So, am I an unspiritual sinner, or a silly obsessor, or just smarter than the average bear?

11 comments:

Carolyn said...

You're not the only one. Kristi Kirkeiner and I used to make fun of hymns in similar ways when we were growing up. My favorite was when we rewrote -- and then subsequently sang, loudly -- all of the lyrics about faith into believing things "MIGHT" happen instead of "KNOWING" they would.

Gail said...

Mom, for the recursive logic thing, to be real recursive logic, it should say "I know He lives because He lives. He lives because I know He lives."

--Eric

Gail said...

Eric--you're absolutely right. Thanks.

--Mom

Anonymous said...

Aunt Carolyn, I saw what you said about saying things MIGHT happen instead of saying you KNEW they would happen. So "Faith is like a little seed; if planted it will grow" turns into "if planted it MIGHT grow." Like the Parable of the Sower. Be sure to tell Aunt Ten about my comment.

--Eric

Cheryl said...

I refused to sing the "I would like to have been a child then" line back in Brownsburg, for the same reasons, although I added the fact that I wouldn't have lived long enough to have been a child then. I kept telling my teachers and classmates I would have died long before age 9-10 if I had lived in the 1840s. On the logic issue, the hymns don't bother me because I treat them more as poetry than grammatically correct prayers, and there is a lot of latitude in poetic license. However, many years ago I read an article in the Ensign about the truth of the Book of Mormon. It quoted Pres. Benson on the subject of how we know it is true, and to paraphrase, he said "We know it is true because it says it is true." That has always struck me as ridiculous.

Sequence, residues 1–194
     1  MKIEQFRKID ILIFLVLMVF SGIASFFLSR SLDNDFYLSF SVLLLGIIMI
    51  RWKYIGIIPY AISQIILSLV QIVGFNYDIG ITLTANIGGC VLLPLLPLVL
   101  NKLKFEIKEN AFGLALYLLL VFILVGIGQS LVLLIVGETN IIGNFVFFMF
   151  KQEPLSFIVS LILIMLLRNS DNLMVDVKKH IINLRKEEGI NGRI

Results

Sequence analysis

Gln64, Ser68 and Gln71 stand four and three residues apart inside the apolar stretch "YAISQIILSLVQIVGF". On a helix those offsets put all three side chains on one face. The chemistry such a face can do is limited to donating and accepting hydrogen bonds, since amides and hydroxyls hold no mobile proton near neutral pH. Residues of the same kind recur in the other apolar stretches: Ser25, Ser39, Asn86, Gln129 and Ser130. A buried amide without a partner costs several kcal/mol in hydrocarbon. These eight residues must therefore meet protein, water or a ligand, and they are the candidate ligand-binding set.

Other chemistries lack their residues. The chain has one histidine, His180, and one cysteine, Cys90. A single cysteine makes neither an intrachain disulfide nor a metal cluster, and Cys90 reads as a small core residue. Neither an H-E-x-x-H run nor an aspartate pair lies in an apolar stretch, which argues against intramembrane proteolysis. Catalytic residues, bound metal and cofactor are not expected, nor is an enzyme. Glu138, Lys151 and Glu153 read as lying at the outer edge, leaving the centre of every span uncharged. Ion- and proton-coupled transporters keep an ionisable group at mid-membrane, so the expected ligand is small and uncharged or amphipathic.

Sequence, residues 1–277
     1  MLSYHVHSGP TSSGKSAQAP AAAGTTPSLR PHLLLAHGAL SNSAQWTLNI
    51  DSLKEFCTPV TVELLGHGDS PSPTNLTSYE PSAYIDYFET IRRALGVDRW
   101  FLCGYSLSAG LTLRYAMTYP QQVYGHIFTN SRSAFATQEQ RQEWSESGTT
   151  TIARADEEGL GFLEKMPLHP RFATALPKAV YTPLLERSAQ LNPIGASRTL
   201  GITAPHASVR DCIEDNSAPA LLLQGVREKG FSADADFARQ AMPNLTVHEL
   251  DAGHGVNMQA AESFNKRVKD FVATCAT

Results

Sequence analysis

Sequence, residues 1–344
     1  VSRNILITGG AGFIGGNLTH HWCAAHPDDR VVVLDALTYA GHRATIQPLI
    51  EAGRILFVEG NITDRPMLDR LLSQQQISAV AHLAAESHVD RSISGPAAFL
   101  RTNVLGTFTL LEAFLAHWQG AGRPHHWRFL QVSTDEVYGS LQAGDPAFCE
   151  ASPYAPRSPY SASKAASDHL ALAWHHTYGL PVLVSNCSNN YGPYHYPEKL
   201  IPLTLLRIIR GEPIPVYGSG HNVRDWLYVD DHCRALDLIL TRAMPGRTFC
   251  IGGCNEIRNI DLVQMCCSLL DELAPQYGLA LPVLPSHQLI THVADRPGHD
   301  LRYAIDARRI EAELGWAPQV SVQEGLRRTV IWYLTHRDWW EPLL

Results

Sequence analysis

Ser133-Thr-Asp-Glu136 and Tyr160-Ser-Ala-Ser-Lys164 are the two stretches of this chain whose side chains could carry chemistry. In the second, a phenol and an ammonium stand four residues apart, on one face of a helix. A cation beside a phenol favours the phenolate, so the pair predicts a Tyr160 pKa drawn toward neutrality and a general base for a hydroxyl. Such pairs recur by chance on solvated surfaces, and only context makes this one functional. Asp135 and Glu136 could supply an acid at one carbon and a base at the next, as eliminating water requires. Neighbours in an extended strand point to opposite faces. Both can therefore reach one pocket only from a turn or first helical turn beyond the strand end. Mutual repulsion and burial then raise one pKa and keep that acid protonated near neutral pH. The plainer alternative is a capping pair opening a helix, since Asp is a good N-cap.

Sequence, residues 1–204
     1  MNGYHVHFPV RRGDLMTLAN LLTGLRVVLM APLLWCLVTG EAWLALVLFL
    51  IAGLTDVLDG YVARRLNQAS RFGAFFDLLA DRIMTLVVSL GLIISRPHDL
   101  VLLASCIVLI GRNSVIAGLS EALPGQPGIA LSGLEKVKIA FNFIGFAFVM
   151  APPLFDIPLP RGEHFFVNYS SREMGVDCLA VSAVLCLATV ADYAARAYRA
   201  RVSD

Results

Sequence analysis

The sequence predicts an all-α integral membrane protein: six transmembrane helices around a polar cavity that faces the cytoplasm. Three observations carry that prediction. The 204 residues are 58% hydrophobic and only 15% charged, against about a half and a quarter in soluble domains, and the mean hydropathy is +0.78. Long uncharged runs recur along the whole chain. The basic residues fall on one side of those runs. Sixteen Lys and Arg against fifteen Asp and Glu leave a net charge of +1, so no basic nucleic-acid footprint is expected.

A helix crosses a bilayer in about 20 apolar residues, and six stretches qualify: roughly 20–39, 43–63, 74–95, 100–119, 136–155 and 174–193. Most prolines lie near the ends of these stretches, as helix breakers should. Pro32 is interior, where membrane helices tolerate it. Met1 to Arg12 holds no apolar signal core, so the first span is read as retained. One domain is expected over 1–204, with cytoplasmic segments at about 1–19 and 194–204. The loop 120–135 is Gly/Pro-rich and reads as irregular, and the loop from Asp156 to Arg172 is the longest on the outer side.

Carolyn said...

Yes! Exactly! Eric, you get it! Faith alone doesn't guarantee anything!

renae kingsley said...

I agree with you! The Primary song the bugs me the most is the new one they learned this year. I don't know the title, but it starts out, "I came to Earth with power to choose/ Good choices that bless me and my family, too." I cringe every time we sing it. The melody is badly written and the words don't fit the meter very well. The rhymes (if they can generously be called such) are atrocious. I can't figure out why they picked this one to have the entire world learn. Nathan and I like to grumble over it. Luckily he doesn't have to sing it every Sunday any more!

Gail said...

Renae--I didn't even touch on the songs which are doctrinally acceptable but musically and/or lyrically bad. "Know This That Every Soul is Free" is one example that springs quickly to mind. I'm sure if I leafed through the hymn book, I'd quickly find others.

Krenn said...

wait, where did you get this tradition that hymns are like unto prayers?

And what's wrong "Earth must atone for the blood of that man/Wake up the world for the conflict of justice." ? World conflict in the interests of Justice sounds like good, clean fun.

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Jon said...

I will never be able to sing the hymns at church with a straight face again. Thanks, Sweetheart.